Some words from Pope Benedict on the greatest English teacher
Continuing his series on the Church Fathers, Pope Benedict used one of his February general audiences, to share the teaching of St Bede the Venerable, born in north-east England in 672.
Bede was one of the most illustrious figures of erudition of the High Middle Ages. His teaching and the fame of his writings enabled him to establish many friendships with the principal personalities of his day, who encouraged him to continue in his work, from which so many benefited.
The Sacred Scriptures were the constant source of Bede’s theological reflection.
Having made a careful critical study of the text (we have a copy [here in the Vatican] of the monumental Codex Amiatinus of the Vulgate, on which he worked), he commented on the Bible, reading it in a christological vein, namely, re-uniting two things: on the one hand, he listened to what the text was saying exactly, he really wanted to listen and understand the text itself; on the other hand, he was convinced that the key to understanding sacred Scripture as the unique Word of God is Christ, and with Christ, in his light, one understands the Old and the New Testament as ‘a’ sacred Scripture.
The events of the Old and New Testament go together, they are together the path toward Christ, though expressed in different signs and institutions. For example, the tent of the covenant that Moses raised in the desert and the first and second temple in Jerusalem are images of the Church, the new temple built on Christ and the Apostles with living stones. And, as was the case for the construction of the ancient temple, even pagan people contributed, making available valuable materials and the technical experience of their master builders, thus apostles and masters not
only from ancient Hebrew, Greek and Latin stock contributed to the building of the Church, but also new peoples, among which Bede is pleased to enumerate the Celts and the Anglo-Saxons…’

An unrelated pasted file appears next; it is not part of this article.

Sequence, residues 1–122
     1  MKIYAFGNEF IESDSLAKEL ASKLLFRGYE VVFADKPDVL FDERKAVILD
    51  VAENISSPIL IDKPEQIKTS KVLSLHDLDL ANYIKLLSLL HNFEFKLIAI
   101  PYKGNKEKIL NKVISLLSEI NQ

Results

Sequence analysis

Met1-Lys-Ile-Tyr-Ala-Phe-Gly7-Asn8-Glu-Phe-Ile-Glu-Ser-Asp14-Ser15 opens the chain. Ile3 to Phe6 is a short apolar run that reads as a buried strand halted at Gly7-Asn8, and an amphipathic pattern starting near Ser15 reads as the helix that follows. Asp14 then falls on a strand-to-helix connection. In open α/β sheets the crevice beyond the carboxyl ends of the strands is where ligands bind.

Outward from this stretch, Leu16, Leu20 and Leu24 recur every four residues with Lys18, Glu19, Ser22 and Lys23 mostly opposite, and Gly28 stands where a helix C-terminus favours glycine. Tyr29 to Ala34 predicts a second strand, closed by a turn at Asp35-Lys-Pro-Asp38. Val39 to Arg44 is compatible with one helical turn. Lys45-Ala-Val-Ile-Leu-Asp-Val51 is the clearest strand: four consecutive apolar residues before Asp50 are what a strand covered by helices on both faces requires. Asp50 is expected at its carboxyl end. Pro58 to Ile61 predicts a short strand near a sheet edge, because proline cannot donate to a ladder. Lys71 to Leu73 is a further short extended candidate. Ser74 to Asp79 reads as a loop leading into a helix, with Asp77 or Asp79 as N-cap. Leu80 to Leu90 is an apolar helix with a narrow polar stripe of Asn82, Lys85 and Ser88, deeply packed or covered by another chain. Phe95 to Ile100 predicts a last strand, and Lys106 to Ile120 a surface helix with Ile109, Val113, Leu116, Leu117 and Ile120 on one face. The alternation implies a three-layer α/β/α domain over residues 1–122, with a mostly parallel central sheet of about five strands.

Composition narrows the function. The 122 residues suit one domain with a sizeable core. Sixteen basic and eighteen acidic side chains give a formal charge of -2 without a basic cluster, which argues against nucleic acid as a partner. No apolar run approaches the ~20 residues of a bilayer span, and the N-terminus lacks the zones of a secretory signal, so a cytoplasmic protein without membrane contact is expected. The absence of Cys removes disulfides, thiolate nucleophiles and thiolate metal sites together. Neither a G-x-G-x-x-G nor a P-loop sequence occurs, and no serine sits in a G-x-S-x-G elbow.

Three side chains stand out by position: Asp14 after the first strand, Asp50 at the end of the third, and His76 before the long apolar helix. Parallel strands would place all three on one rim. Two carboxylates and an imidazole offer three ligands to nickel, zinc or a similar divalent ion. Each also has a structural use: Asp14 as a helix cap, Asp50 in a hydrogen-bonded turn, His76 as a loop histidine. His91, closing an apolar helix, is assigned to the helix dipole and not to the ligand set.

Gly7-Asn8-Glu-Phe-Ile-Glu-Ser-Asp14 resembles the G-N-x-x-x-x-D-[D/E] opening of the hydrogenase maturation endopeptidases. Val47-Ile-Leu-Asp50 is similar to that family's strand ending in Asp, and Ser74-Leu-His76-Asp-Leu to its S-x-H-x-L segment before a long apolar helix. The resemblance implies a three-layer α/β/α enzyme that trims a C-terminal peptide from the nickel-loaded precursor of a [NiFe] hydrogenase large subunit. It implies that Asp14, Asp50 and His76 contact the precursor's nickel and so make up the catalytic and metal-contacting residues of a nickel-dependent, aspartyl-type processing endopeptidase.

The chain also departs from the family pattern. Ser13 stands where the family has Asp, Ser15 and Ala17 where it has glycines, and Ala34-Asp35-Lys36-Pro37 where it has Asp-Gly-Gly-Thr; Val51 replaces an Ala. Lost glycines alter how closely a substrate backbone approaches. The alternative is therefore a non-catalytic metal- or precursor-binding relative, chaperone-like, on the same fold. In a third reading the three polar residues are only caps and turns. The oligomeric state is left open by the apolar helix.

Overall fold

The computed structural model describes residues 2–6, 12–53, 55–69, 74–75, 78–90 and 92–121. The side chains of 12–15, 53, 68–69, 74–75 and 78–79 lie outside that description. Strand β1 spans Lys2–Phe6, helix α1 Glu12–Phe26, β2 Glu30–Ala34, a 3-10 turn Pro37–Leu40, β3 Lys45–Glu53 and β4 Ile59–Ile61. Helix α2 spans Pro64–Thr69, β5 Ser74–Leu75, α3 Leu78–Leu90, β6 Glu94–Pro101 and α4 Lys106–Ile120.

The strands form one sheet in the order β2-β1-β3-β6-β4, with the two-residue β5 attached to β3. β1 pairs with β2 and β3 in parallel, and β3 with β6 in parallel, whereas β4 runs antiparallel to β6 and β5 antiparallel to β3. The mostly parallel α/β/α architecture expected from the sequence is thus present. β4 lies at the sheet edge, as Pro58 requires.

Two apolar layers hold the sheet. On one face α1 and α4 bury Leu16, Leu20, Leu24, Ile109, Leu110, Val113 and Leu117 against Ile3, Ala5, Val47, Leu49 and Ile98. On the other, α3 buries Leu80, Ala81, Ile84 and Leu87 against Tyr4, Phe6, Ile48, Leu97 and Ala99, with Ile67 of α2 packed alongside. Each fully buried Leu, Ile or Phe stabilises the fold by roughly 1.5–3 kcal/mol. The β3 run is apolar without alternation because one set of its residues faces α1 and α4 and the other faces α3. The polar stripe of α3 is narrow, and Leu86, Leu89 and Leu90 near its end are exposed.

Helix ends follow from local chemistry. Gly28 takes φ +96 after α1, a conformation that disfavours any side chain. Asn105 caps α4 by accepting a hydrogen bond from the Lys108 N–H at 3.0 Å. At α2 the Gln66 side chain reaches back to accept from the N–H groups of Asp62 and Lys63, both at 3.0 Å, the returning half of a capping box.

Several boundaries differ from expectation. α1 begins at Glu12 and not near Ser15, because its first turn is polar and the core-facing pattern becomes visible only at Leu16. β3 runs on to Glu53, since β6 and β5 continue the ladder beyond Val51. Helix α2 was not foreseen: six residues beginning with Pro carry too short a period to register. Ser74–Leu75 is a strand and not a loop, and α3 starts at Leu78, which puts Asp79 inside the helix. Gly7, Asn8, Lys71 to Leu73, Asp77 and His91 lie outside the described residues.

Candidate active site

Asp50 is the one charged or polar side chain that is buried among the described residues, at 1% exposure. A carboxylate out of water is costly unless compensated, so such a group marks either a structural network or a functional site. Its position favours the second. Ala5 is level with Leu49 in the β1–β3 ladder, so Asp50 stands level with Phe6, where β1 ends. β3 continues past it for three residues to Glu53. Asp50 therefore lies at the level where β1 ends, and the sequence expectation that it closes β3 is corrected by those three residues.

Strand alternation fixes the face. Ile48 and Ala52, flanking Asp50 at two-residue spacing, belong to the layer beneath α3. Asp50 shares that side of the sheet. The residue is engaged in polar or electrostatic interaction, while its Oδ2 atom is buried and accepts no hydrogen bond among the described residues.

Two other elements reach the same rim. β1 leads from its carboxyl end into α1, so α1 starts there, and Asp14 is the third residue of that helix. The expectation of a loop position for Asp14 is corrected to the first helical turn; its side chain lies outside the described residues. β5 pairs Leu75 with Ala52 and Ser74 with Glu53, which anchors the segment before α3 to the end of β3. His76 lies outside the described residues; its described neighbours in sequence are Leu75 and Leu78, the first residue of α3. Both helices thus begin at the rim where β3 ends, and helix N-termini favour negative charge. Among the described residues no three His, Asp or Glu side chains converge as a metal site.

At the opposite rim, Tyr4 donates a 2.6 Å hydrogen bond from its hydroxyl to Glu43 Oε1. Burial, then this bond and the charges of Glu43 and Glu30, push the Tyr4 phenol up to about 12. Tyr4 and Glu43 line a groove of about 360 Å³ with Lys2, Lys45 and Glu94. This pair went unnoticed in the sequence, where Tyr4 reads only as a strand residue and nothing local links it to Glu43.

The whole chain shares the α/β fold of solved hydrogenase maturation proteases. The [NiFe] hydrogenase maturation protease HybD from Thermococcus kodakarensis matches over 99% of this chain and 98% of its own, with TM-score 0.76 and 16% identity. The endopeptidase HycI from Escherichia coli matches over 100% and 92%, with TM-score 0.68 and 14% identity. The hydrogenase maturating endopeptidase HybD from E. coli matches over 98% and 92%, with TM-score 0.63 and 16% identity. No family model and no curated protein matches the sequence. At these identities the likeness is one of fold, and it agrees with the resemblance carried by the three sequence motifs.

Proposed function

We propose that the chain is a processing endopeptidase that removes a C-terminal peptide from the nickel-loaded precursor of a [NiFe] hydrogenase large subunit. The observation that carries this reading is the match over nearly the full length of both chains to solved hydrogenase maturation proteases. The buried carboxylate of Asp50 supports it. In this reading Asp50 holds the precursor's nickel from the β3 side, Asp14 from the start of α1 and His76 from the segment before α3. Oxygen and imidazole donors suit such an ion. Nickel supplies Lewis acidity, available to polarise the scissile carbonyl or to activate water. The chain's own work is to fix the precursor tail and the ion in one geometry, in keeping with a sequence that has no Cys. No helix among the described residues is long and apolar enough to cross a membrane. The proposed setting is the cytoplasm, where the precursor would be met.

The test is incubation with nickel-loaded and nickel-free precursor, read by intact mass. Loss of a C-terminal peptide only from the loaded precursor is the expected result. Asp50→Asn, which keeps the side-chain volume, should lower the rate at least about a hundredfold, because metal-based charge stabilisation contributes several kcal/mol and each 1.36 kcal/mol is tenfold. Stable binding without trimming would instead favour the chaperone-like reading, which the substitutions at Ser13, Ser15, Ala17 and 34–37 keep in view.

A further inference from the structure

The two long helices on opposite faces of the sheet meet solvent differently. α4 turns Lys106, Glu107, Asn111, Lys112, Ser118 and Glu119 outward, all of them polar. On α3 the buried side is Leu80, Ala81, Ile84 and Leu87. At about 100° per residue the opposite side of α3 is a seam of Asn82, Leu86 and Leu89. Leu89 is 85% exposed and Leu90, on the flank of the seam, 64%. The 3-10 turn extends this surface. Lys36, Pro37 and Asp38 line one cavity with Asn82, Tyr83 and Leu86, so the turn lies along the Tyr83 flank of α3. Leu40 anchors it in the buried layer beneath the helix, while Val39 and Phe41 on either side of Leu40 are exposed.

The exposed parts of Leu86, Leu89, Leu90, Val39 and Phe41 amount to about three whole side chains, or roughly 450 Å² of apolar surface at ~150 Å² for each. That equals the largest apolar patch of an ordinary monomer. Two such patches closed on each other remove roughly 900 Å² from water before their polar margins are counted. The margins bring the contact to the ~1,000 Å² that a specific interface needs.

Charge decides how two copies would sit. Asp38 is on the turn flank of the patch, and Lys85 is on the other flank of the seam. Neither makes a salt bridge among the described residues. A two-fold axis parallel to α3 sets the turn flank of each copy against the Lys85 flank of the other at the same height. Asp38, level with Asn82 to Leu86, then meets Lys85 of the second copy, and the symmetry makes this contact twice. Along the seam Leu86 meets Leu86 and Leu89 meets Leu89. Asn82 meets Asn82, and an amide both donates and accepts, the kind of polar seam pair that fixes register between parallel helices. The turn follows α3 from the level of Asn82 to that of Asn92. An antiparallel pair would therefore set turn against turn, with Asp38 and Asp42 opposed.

Bede has a timely message for the different ‘states of life’:
a) For scholars he recalls two essential tasks: to scrutinize the wonders of
the Word of God, to present it in an attractive way to the faithful; to show the dogmatic truths, avoiding the heretical complications and keeping to the Catholic simplicity, with attention to the small and humble to whom God is pleased to reveal the mysteries of the Kingdom.
b) For pastors, that they give priority to preaching, not only through the verbal or hagiographic language, but also valuing icons, processions and pilgrimages. Bede recommends to them the use of the vernacular, as he himself does, explaining in Northumbria the ‘Our Father,’ and the ‘Creed’ and carrying forward until the last day of his life, the commentary to John’s Gospel in the common language…
Christ the Spouse desires an industrious Church, ‘bronzed by the fatigues of evangelization’ – clear is the reference to the word [1.5], where the Bride says: Nigra sum sed formosa (I am dark, but beautiful). In this perspective, the saintly Doctor exhorts the lay faithful to be assiduous to religious instruction, imitating those ‘insatiable evangelical multitudes who did not even give the Apostles time to eat.’
He teaches them how to pray constantly, ‘reproducing in life what they celebrate in the Liturgy,’ offering all actions as spiritual sacrifices in union with Christ. To parents he explains that in their small domestic realm they too can exercise ‘the priestly office of pastors and guides,’ by giving Christian formation to their children, and states that he knows many faithful (men and women, spouses and celibates) ‘capable of an irreproachable conduct that, if suitably pursued, could approach daily Eucharistic communion’…
Bede contributed hugely to the making of a Christian Europe… Let us pray that today there may be personalities of Bede’s stature, to keep the whole continent united. Let us pray that all of us are willing to rediscover our common roots, to be builders of a truly human and genuinely Christian Europe.